view large (c'mon I know ya want too and I promise its not a dodgy low res version)
I am sure I could come back here in 12 months and it would be a completely different setup with logs and branches moved about by the water flow.
What is amazing is the sheer size of the tree trunks that are strewn around the falls, this one, which I have dubbed the divider is quite large but probably 1/4 the size on one just off to the right of this shot. How they get there is pretty amazing too, there must need to be alot of water coming over the falls to push them around.
Kellys Falls reminds me very much of the National Falls in the Royal National Park, which is not all that surprising since that particular falls is only 30 mins drive up the coast from here, but they have very similar rock formations and are similar heights, (based on my super accurate thumb in the air kind of measurement 😉 )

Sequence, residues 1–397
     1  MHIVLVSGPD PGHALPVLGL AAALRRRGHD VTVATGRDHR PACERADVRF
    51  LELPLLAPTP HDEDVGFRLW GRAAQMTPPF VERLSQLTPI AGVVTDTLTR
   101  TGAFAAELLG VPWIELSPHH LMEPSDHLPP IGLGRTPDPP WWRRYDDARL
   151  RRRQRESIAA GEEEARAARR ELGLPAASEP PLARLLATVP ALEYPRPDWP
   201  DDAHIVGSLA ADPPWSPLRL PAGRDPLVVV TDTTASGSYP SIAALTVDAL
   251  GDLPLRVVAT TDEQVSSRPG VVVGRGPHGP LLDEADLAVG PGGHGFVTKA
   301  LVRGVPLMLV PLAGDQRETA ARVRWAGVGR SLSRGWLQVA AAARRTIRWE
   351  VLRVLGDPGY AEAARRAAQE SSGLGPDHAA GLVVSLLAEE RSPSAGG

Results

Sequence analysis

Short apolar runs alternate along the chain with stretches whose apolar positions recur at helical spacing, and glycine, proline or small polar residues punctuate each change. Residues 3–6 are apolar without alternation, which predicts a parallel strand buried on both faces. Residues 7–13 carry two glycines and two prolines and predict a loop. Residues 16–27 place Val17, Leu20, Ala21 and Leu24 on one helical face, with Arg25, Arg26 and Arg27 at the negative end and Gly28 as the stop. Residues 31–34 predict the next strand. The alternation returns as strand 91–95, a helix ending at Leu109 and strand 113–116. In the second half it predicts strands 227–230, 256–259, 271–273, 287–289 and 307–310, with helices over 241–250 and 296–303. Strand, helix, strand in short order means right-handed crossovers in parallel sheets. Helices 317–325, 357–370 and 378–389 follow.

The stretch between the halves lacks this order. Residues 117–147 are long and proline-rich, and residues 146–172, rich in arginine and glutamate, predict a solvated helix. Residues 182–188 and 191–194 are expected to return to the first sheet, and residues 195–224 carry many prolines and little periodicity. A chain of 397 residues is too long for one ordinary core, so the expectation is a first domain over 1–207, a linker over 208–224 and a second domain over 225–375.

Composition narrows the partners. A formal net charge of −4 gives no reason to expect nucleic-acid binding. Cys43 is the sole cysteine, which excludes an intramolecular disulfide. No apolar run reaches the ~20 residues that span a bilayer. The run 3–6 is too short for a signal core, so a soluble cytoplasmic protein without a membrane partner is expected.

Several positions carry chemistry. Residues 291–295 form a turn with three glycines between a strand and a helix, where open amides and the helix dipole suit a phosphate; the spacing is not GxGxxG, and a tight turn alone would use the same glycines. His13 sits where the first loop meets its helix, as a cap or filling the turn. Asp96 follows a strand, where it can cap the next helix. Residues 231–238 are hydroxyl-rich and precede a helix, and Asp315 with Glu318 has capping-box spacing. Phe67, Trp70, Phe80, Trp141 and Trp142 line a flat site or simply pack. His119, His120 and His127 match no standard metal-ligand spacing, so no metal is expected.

The trek in is pretty short, however there is a bit of rock climbing required and the mandatory trust your life to a dodgy bit of rope that someone has tied to a sapling which is clutching to life in the muddy soil 🙂 however it is well worth it and there is actually two falls in close proximity so more bang for your buck (or climb)
One of the hard things about shooting waterfalls is actually 1) getting to the place where you want to compose your shot and 2) getting your darn tripod to be in the right position based on all the freaking uneven rockage. There is also the slippery-ass factor too, thats just thrown in there to test your nerves, joints and bones 😉
I wanted this log in a slightly different possie, however the final composition was dictated by the rocks, minimisation of the possibility of ending up in that murky-ass water and how long I could sit with a pointy-ass rock trying to split me in half ;-(
It is a blended image in that I took three frames of different exposures to capture the highlights up top but also maintain the shadow detail in the rocks, water and trees.
3 images manually blended together in +Adobe Photoshop :
D750 coupled with 16-35mm f4 @ 16mm Aperture: f/14 and Shutter Speed: 13s (normal exposure), 1.6s (highlights, just that bright bit up top) and 30s (shadows, for those dark areas in the trees, rocks and water)
out front – Hoya CPL